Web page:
Feeding wildlife can have unforeseen consequences

July 22, 2015

By Joanna Fitzgerald

Director of the von Arx Wildlife Hospital

68 animals admitted this past week

Two raccoons and a coral snake were among the 68 animals recently admitted to the von Arx Wildlife Hospital at the Conservancy of Southwest Florida. Other admissions include three northern gannets, a herring gull, two Florida red-bellied turtles and 12 eastern cottontails.

Raccoons admitted with similar problems

Two raccoons were admitted from different areas in Naples, yet both suffered similar problems. One had stuck his head through the circular opening on the plate of a tire and got stuck in the tire. The second raccoon stuck her front paw into a small PVC pipe and couldn’t free herself.

The gentleman who found the raccoon stuck in the tire picked the tire up and transported the raccoon to the Conservancy in the back of his truck. The raccoon was extremely stressed and required heavy sedation to safely free his head from the tire.

The second raccoon was equally incapacitated from having its paw stuck in the PVC pipe. Hospital staff sedated the raccoon on site which enable the raccoon to be lifted from the piece of rebar the PVC pipe had been covering.

The raccoon was transported to the Conservancy where staff safely removed the two foot long piece of PVC from her front paw.

Both raccoons suffered minimal injuries and swelling.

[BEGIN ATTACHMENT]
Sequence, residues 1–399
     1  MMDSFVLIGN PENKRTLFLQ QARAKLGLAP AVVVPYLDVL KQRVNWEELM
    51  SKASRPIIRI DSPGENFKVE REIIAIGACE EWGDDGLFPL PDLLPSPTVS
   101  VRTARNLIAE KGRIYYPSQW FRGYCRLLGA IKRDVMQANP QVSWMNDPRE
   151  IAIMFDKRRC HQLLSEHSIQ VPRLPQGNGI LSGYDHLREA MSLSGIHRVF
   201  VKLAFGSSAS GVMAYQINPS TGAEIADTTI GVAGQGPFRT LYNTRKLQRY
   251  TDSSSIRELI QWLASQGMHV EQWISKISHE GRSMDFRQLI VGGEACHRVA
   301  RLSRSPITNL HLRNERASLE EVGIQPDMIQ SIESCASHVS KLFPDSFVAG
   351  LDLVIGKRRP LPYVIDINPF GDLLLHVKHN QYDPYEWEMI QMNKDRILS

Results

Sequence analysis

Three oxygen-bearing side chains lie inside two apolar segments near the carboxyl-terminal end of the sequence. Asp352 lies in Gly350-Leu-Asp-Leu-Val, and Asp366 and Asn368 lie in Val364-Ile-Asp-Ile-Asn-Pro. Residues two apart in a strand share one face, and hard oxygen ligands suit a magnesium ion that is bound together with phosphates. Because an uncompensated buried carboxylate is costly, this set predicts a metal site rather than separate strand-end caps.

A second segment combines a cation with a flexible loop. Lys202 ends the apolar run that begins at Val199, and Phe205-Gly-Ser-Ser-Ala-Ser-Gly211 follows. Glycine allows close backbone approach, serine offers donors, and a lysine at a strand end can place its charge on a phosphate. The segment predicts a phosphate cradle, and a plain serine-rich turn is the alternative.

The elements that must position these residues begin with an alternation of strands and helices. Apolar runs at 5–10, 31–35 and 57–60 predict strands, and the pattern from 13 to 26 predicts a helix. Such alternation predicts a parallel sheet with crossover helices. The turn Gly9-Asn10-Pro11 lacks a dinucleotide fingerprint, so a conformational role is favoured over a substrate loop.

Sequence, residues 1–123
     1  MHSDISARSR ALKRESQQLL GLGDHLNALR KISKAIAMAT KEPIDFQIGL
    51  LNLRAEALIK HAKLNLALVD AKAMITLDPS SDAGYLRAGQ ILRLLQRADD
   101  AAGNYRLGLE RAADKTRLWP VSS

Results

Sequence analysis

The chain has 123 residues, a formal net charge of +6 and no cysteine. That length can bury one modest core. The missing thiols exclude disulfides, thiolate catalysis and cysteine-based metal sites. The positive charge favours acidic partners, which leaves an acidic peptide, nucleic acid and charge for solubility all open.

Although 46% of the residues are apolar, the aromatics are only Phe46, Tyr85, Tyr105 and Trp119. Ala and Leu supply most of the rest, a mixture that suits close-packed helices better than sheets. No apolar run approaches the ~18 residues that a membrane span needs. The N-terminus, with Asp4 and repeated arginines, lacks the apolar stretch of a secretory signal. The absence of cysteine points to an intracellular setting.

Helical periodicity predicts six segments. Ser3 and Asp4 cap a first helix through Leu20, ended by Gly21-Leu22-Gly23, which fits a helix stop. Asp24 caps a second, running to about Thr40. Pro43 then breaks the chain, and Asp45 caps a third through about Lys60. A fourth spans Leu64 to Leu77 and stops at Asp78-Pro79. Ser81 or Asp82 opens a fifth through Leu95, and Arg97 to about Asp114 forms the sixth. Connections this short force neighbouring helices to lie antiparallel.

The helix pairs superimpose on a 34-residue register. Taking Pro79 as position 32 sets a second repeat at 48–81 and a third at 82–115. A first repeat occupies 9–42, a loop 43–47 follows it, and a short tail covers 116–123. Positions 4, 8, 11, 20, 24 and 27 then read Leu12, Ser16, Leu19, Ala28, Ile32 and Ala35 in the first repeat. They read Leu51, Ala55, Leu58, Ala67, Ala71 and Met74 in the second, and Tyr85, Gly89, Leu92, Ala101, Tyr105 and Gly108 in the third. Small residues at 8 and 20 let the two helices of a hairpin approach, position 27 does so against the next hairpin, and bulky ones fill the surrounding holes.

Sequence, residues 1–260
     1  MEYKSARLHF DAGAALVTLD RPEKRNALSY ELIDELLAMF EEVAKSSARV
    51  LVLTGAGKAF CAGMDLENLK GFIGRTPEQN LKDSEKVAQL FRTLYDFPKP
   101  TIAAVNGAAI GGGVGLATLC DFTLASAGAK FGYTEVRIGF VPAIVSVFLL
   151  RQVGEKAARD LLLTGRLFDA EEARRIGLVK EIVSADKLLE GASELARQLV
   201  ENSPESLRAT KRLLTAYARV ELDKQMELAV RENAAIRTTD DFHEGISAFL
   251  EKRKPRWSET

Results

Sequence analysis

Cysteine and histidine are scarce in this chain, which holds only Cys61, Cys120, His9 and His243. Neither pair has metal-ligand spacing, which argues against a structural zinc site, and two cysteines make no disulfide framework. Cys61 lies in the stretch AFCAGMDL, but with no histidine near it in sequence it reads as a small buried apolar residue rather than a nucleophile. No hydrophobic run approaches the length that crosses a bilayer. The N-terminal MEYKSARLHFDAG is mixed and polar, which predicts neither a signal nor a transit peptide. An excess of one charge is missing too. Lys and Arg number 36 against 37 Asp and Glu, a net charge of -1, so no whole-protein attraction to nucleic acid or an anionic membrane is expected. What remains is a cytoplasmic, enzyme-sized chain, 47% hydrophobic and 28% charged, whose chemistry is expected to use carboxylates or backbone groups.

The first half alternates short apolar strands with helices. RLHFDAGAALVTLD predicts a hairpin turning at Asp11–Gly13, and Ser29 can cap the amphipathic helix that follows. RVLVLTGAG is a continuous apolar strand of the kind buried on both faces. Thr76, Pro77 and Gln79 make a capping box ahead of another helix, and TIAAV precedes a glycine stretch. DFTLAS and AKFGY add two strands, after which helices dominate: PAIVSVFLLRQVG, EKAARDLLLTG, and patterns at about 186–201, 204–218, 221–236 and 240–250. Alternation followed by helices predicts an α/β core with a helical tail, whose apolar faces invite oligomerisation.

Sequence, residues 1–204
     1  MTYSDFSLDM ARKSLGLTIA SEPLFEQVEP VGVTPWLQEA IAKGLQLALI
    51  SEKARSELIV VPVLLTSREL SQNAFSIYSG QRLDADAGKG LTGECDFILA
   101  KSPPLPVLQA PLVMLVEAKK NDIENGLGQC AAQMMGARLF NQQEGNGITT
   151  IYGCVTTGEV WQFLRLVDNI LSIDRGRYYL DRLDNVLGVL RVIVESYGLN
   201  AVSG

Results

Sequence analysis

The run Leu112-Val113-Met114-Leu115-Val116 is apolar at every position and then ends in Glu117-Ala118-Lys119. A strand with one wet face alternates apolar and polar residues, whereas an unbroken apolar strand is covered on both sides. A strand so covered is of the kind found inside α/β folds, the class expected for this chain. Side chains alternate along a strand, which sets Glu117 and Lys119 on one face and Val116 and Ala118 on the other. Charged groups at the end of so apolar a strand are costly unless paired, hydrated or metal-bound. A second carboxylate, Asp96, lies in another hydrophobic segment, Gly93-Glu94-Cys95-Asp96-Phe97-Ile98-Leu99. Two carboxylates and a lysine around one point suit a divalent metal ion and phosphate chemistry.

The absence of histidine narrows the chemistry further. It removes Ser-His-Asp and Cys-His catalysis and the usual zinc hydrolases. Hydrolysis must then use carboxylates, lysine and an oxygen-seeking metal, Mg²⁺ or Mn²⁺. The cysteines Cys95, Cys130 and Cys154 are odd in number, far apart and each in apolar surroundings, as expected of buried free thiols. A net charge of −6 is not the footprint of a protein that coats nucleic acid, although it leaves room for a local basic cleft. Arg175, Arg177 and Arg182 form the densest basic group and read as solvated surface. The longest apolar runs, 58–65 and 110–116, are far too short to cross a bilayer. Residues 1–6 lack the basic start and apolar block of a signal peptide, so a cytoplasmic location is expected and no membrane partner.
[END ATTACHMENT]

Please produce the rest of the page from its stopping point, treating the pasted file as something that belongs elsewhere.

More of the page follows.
A raccoon is incapacitated after getting her paw stuck in a PVC pipe.

Please do not feed wildlife

Raccoons are prevalent in our area. People who feed their dogs and cats outdoors provide a food source for raccoons and other wildlife. This access to food can cause a nuisance situation.

Florida Administrative Code (FAC) prohibits offering food or garbage in such a manner that the person attracts black bears, coyotes, foxes or raccoons thereby creating a public nuisance, property damage, or a public safety risk.

A Collier County man was recently charged under this FAC for intentionally feeding raccoons.

Never feed wildlife and don’t feed pets outdoors — it keeps your pets safe from wild animal encounters and it prevents wildlife from expecting free meals.

Wildlife habituated to hand-feeding creates a dangerous situation.

If you feel you are experiencing a nuisance wildlife situation, please call the wildlife hospital for information. We may be able to provide long-term, humane solutions that will allow you to safely coexist with wildlife.

Recent Releases — 33 go home

  • 2 Florida softshell turtles
  • 1 Florida red-bellied turtle
  • 1 bold jumping spider
  • 2 blue jays
  • 5 opossums
  • 1 eastern screech owl
  • 1 peninsula cooter
  • 3 common grackles
  • 3 eastern cottontails
  • 4 mourning doves
  • 1 brown thrasher
  • 7 chimney swifts
  • 1 northern cardinal
  • 1 red-bellied woodpecker

Get involved

Please visit our website at www.conservancy.org and learn about the many opportunities there are to get involved.

Volunteers are vital in our efforts to assist native wildlife.

If you are unable to give of your time as a volunteer, become a member or donate.

However you choose to become involved, your support will help the Conservancy continue to protect Southwest Florida’s water, land, wildlife and future.